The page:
Meet Your 2009 Brewers Pitchers


The college basketball season is almost over. The NBA is preparing for the beginning of its nine-month playoff extravaganza. The NHL is likely doing the same thing – but since I don’t have Versus with my cable package and I refuse to listen to that clown Matthew Barnaby when the Mullet Man Barry Melrose is out there somewhere – it cannot be verified. Essentially, it’s time for baseball to jump off. And for fans of the True Blue Brew Crew, this season has been a long time coming after the excitement of the 2008 playoffs. Without further ado, here’s a look at your 2009 squad, broken down into four groups over two posts.

To begin, the pitching staff:

Everybody (whoever that is) thinks the Brewers will completely fall apart without CC Sabathia and Ben Sheets on the hill this year. But before ‘Sconnies prepare for Packers season already, all is not lost. Don’t forget – Sheets never won more than 13 games, and the Brewers were a halfway decent team before CC showed up in July. The Crew have the bats, but the question marks are here on the mound. In my humble (but ultimately, entirely correct) opinion, this group of gents will make or break the 2009 Brewers.


Jeff Suppan is pitching Opening Day, but he won’t be the No. 1 all year. He’s getting old, but he will eat up some innings and grab a few wins here and there. Plus, he can dispense wisdom to the young’ns about how sweet he USED to be.

Yovani Gallardo will be the best Brewers pitcher. He has not pitched a full season in the Majors, but the 23-year-old has talent to spare. He tore his ACL early last season against the Cubs and came back to pitch Game One of the NLDS. Expect big things from Señor Gallardo. Also, he’s the only Major Leaguer ever named Yovani – so, he’s got that going for him, which is nice.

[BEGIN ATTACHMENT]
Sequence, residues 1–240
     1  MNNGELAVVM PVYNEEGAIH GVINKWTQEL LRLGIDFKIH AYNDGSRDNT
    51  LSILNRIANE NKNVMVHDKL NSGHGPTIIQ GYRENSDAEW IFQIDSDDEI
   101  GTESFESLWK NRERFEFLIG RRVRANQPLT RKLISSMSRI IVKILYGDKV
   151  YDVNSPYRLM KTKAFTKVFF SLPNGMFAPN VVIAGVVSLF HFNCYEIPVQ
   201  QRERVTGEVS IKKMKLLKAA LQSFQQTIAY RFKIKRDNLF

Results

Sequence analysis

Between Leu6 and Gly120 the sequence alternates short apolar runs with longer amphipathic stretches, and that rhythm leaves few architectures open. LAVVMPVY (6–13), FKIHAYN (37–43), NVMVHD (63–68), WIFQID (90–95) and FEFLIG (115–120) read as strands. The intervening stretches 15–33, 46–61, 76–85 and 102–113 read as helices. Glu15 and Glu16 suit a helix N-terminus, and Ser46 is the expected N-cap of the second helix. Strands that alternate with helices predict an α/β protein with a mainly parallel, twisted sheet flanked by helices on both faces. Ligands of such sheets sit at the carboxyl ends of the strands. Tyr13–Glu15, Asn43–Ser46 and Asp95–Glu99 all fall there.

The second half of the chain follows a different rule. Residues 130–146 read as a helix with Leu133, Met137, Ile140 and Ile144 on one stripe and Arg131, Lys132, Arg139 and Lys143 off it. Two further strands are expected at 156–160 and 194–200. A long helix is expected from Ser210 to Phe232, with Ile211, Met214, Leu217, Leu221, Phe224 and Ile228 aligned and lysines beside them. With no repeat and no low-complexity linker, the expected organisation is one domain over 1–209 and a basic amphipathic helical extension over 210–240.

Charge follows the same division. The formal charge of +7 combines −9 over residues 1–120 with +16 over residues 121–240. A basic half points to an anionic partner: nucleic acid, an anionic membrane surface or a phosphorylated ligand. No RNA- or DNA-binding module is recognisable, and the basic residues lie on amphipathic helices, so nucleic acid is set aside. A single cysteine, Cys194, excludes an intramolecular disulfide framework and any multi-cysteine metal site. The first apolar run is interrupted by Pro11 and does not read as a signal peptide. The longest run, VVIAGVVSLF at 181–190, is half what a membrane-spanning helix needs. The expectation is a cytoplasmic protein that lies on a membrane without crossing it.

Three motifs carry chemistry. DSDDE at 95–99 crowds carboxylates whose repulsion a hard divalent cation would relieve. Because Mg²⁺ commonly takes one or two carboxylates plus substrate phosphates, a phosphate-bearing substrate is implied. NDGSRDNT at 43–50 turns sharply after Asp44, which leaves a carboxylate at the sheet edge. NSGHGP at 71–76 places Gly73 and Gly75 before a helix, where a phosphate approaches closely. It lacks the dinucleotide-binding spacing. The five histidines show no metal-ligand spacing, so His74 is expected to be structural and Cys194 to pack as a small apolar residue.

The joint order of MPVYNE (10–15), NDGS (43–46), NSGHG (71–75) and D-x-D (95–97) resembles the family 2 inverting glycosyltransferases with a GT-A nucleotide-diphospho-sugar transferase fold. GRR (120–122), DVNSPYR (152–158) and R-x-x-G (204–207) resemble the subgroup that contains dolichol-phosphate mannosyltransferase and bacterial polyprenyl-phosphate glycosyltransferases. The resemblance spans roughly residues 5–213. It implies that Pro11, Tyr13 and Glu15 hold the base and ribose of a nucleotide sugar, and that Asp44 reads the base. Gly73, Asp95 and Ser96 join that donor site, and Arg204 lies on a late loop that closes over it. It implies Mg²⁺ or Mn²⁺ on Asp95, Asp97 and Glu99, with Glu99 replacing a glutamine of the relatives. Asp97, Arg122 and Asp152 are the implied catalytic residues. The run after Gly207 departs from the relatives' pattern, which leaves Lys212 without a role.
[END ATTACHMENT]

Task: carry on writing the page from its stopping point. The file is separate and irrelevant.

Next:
Manny Parra won 10 games in 2008, his first full season in the big leagues. Parra probably took the most out of Sabathia’s stay in Milwaukee, as the hard-throwing lefthander constantly picked his mind for advice. Hooray for friendship!

Braden Looper came to the Crew from the Cardinals after winning 12 games in each of his first two years as a starter. Crew fans are hoping he turns out better than the last aging Cardinals pitcher they picked up (See: Suppan, Jeff). He’s already trying to work through an injury, but is still slated to start the home opener.

Dave Bush is another unproven starter that will need to exceed expectations in Milwaukee. He finished with the 5th-best WHIP in the NL last season (1.14) – which I didn’t know until just now. Hopefully, most of those hits in 2009 aren’t three run bombs.


Trevor Hoffman was the offseason’s big pickup. Any baseball fan knows the all-time saves leader and his ridiculous changeup. He’s getting old, but he can still change speeds with the best of ‘em. He’s on the DL to start the season, but should be back soon.

Carlos Villanueva will close until Hoffman’s healthy and then settle into a setup role. He bombed as a starter last year and is probably in the bullpen for good. He is also the second best Chuck Villanueva in Milwaukee professional sports – and probably the only one that doesn’t Tweet during games.

Seth McClung is a giant. He is 6-foot-6, 240 pounds and pure ginger. He also throws very hard. If someone gets hurt, he’ll move into the starting rotation. That is all there is say about Seth McClung.

Mitch Stetter is the only lefty in the ‘pen, and he tosses some wicked sidearm stuff as evidenced by his 1.84 ERA in 14 appearances this spring. But it doesn’t matter how good he is, because a true Brewers fan will always pine for Brian Shouse … the greatest we’ve ever seen. As you can tell, it’ll tough to replace whatever the hell that is.

Todd Coffey is a pitcher I used to make fun of for being awful when he was on the Reds a few years ago. He was a blown save waiting to happen, or at least that’s the impression I had. As a full-blown homer, I’m sure he’s over all that and will dominate through fine facial hair and, evidently, running style. He did pitch well in Maryvale, with a spring ERA of 2.10 over 10 appearances.

David Riske rocks a soulpatch, but it’s a joke compared to J.J. Hardy, so I don’t know why he keeps it. He had an awful start to the spring – giving up runs in his first seven appearances before finally nailing down a few straight scoreless innings as camp wound down.

Jorge Julio is another newbie, coming from Atlanta. Julio will fight for time as the setup man and throws queso.

Mark DiFelice, as detailed during the World Baseball Classic, is Italian and new to the Major Leagues. He pitched in 15 games last fall and has been on point this spring. He should make an impression as a long reliever and could even start in spot situations or if injuries arise.

That’s all for the Crew’s pitching staff, so while you get all “rabble rabble” about that, I’ll be back later with a preview of the hitters.


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